Roby, the majority of Americans may not support it, but the majority of the people that do support it are the same people in control of the media, TV programming and in many instances, political office.

      Just today I read Bidens National Day of Prayer proclamation. After reading it, I looked up Trumps and I looked up Obama’s. In both of their proclamations, God was mentioned at least once. Today he never mentioned God because that is no longer politically correct. The closest he came was quoting Congressman John Lewis who once said, “Nothing can stop the power of a committed and determined people to make a difference in our society. Why? Because human beings are the most dynamic link to the divine on this planet.” Now I guess once can define “divine” to fit their purposes.

      I then went to Twitter and did a search on the internet. There were comments about this, but only from the far left media and bloggers.

      And how did the greatest majority of the Americans that don’t like “woke” react. With apathy.
      And that is the problem in this country today. Too many not caring about much of anything except their own inner circle, unlike the 60’s and early 70’s when that generation worked against the actions by a few.

      • Ron P2 permalink
        May 7, 2021 12:26 am

        Sorry far right media…

      • Vermonta permalink
        May 7, 2021 11:39 am

        I will agree with you Ron that much of the media (as well as much of the education establishment) are the people who are the believers in PC.
        Thus, even though the percentage of people who are gung-ho on this is not that large its concentrated in certain professions. That is a bad thing.

        As to the effect that those PC people are having on society, well take me, someone who is leaning in the direction of liberal causes. Are the PC lectures making me more liberal? No, they irritate and often disgust me. I reject them, they are pushing me towards a sort of compassion weariness, that exposes itself most of all when I think of trans toilet rights or the so called gender wage gap. The fact that after decades of PC our society as a whole hates PC and wokeness (if there is any difference) says that this campaign is if anything backfiring. Which is one reason that people like me wish they would SFU.

        As to prayer day, Biden is a genuine Christian, does someone doubt it? He mentions God fairly often, he did so in his acceptance speech. I am not a Christian and will not mind if prayer day disappears. I don’t need a prayer day or any of the 1000 other special days. If I wanted to pray I would regardless. I did not know it was national prayer day. I also did not know it was National Tourism Day, National Work From Home Day, National Provider Appreciation Day, etc. until I just looked it up. I don’t need these days and they can all disappear. In looking up National… day my search turned up that the right wing media is in a Tizzy today because Biden did not mention God. Good Grief, lets have a mention God contest and see who wins.

        You are being played by the right-wing media on this story Ron.

        Why should the average American care if the POTUS mentions God? Do you seriously think that trump mentioned God because he is a true believer?

        I do not mind decent sincere Christians at all, those who have their beliefs and practice them without trying to force them on me or use them for political purposes. I loath the kind of Christians exemplified by Rep. Kiplingers relatives who have sent him not one but two registered letters kicking him out of their family for not kissing trumps rump because their church authorities got them worked up. There are LOTS of those people. Also those like the baptist minister who gave his sermon on the need of women to aspire to be Melania. The overlap between Christians and right wing politics has the same effect on my opinion of Christians as a group that the overlap between the education system and PC does for conservatives regarding educators. Religion ought to stay out of government and ideology ought to stay out of teaching, otherwise the religious and educational missions are damaged.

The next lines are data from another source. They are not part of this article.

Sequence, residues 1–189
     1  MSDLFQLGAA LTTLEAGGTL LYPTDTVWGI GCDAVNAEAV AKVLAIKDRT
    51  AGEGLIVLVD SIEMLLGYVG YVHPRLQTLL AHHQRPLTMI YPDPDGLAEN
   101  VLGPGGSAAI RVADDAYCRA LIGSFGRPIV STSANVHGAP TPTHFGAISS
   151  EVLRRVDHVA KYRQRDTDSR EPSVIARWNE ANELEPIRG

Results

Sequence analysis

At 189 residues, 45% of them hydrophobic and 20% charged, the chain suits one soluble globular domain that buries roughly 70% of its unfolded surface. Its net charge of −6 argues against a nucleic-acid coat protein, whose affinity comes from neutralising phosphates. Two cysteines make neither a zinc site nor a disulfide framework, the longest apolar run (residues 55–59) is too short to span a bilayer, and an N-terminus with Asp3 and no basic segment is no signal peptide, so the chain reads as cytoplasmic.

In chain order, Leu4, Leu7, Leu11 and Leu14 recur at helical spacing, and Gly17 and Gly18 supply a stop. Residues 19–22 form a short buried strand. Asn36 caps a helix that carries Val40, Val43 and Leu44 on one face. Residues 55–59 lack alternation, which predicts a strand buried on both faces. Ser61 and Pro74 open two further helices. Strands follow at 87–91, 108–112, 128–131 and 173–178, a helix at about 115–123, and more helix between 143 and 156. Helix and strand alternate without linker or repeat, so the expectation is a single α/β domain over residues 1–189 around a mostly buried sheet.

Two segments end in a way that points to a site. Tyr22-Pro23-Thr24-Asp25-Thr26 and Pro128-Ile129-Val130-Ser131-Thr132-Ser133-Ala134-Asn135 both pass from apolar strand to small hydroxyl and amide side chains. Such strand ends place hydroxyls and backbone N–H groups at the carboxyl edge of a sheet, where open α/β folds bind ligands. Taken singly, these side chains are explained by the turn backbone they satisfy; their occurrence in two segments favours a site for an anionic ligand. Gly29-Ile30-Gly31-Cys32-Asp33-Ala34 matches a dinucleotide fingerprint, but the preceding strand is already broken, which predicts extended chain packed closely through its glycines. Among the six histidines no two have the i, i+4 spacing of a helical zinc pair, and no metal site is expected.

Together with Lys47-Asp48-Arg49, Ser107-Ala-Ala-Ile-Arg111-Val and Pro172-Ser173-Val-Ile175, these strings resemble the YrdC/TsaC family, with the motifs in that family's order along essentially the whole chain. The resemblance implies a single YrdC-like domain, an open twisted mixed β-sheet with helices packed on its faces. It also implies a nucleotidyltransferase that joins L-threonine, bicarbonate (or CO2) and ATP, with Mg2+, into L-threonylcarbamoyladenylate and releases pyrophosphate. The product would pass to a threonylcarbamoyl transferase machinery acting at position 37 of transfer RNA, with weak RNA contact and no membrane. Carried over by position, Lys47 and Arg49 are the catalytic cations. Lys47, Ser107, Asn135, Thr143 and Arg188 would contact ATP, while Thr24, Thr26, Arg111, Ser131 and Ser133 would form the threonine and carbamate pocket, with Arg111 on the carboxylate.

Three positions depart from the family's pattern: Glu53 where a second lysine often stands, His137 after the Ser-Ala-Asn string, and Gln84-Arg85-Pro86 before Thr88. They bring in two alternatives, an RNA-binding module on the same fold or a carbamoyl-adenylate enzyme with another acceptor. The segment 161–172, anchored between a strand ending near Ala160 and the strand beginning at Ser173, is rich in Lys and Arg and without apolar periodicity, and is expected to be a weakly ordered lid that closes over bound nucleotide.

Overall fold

• Ron P2 permalink
        May 7, 2021 12:38 pm

        Roby, you ask some good questions in your first message. So:
        1) I am of the age that “reverse discrimination” ( as some label it) did not have any impact on me. I went to college, went into the service, got my first job, all before this began. I also worked in a professional field where your race did not play much of a part if your worked for that employer or not. About 60% of the employees were RN’s, in the 80’s and 90’s there was a shortage of nurses and we were bringing RN’s from the Philippines, Moldavia and other countries. The same held true for the shortage for technical staff in the lab, Radiology, etc. So being black made no difference. Those in their 50’s and younger may have seen more of this and been impacted.

        But my comment about that situation was just one to add to the many reasons that people try to define the reasons for racism in America today.

        2), “You are being played by the right-wing media on this story Ron.” In this case I am not. I do not listen to the news anymore, I do not read much about things in the news. I read the sports news, comics and local news in the newspaper. Everything in the national news is a lie by either the left or the right and if it is not a total lie, it has so much parsed out that what is left is a lie because what makes it the truth has been removed. As I said, after seeing a meme on Facebook that this was the national day of prayer that a friend posted, I read the proclamation and found it interesting of no mention of God or Jesus. I understand the omission of Christ since not all religions recognize Christ, but there are not many that do not have their own “God” and that is when I got curious and looked at what others were saying, thus the “only right wing media making comment” .